already inhabited; but society has no existence among them.
It is not only the fortunes of men which are equal in America; even their acquirements partake in some degree of the same uniformity. I do not believe that there is a country in the world where, in proportion to the population, there are so few uninstructed, and at the same time so few learned individuals. Primary instruction is within the reach of everybody; superior instruction is scarcely to be obtained by any. This is not surprising; it is in fact the necessary consequence of what we have advanced above. Almost all the Americans are in easy circumstances, and can therefore obtain the first elements of human knowledge.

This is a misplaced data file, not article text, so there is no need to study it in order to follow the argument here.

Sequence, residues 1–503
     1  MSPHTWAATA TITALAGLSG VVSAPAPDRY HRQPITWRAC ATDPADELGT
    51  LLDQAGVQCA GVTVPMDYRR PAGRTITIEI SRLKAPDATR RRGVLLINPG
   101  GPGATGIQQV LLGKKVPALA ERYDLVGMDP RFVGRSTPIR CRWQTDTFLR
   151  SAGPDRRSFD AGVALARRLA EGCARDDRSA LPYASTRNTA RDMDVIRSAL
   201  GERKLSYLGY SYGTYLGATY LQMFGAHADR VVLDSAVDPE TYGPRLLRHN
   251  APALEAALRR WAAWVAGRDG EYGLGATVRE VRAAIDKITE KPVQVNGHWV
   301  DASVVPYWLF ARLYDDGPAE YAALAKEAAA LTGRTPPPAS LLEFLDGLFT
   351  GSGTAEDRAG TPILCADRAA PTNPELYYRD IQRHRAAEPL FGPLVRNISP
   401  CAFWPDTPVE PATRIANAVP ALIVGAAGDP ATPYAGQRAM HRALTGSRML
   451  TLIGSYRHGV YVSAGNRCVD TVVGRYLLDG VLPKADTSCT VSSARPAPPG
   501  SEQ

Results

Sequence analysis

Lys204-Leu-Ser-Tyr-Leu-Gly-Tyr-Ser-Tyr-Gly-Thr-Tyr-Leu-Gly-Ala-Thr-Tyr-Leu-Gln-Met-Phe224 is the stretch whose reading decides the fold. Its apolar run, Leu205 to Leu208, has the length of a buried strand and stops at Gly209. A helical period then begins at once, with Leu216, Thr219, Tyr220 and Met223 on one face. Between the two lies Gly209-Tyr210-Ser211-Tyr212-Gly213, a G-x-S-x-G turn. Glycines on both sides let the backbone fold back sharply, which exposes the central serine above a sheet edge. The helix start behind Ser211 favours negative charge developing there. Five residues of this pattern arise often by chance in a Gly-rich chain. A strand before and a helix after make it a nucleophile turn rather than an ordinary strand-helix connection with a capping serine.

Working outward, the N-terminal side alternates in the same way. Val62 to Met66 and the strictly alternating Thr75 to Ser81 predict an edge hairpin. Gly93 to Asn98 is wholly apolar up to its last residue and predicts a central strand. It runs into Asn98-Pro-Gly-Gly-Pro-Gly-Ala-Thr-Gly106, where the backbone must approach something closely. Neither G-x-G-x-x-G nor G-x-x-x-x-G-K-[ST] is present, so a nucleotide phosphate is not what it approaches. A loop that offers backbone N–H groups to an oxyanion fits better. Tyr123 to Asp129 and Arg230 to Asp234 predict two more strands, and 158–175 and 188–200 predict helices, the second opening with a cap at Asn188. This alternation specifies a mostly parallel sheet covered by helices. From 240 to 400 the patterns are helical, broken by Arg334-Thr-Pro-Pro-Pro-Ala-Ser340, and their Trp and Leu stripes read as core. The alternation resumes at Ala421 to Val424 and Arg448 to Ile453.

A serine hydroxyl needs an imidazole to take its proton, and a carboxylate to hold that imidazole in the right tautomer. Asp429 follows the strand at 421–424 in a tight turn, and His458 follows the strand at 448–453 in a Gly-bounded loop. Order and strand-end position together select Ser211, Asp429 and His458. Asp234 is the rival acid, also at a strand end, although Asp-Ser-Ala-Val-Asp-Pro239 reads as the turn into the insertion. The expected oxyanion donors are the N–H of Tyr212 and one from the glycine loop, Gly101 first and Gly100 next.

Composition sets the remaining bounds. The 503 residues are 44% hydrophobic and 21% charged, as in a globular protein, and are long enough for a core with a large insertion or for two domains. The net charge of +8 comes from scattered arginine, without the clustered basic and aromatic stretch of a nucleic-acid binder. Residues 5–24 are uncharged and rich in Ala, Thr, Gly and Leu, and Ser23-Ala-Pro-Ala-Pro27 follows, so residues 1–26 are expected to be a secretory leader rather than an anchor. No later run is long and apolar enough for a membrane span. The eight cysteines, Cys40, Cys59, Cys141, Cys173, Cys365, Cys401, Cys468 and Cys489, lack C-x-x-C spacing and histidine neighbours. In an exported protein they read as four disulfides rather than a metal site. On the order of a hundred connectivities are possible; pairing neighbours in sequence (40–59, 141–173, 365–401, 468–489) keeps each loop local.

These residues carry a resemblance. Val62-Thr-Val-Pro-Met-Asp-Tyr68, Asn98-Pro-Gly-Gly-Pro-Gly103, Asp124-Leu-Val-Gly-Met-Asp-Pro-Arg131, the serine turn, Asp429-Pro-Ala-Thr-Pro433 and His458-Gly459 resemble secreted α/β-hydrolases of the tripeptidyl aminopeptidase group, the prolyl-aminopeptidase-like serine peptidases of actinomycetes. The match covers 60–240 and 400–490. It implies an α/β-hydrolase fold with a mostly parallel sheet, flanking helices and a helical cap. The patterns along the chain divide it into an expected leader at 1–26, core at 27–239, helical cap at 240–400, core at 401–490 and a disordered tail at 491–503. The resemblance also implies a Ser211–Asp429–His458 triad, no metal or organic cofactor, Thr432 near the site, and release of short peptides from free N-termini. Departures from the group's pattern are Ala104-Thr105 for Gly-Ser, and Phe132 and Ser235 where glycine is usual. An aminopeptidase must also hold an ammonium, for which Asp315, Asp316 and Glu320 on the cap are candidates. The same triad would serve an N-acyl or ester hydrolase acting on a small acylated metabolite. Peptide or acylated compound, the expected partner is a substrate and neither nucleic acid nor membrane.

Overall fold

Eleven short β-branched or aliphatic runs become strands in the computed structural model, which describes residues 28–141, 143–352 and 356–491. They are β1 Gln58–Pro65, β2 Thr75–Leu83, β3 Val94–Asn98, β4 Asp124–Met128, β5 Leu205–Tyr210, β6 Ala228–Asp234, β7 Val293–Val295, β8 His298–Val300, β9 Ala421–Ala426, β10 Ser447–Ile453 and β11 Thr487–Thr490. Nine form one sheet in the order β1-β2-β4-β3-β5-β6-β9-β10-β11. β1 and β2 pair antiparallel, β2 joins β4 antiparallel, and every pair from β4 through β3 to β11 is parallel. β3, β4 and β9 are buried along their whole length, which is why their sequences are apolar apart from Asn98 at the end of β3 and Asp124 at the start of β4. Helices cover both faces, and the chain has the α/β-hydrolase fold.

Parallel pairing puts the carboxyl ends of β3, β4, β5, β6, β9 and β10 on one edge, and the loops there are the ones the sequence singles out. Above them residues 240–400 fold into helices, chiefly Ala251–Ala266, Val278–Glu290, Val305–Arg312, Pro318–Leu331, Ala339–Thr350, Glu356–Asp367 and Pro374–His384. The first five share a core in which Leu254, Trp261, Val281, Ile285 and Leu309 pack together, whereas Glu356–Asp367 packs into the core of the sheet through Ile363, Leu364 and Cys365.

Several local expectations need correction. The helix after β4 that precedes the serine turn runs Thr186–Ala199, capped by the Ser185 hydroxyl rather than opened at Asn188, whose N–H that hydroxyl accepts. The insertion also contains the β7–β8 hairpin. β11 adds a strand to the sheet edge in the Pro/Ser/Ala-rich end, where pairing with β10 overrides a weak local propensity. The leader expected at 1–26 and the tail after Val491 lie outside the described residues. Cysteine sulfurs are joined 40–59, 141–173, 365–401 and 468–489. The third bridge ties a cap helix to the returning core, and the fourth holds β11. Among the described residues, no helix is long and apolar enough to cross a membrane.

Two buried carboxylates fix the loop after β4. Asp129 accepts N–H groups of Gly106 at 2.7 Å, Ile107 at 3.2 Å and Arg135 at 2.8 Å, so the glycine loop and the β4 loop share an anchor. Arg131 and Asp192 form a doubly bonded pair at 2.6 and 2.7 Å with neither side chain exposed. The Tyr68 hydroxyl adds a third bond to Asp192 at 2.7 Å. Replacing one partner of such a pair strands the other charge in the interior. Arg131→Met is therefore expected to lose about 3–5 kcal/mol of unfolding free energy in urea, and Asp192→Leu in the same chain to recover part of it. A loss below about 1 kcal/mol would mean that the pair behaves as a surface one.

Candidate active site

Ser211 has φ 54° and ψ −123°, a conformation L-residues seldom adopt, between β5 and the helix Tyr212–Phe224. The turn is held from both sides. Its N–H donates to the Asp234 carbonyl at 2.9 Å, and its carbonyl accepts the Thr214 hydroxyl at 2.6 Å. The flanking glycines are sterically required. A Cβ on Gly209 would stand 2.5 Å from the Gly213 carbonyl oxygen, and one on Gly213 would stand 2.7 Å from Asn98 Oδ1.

In America there are comparatively few who are rich enough to live without a profession. Every profession requires an apprenticeship, which limits the time of instruction to the early years of life. At fifteen they enter upon their calling, and thus their education ends at the age when ours begins. Whatever is done afterwards, is with a view to some special and lucrative object; a science is taken up as a matter of business, and the only branch of it which is attended to is such as admits of an immediate practical application.
In America most of the rich men were formerly poor: most of those who now enjoy leisure were absorbed in business during their youth; the consequence of which is, that when they might have had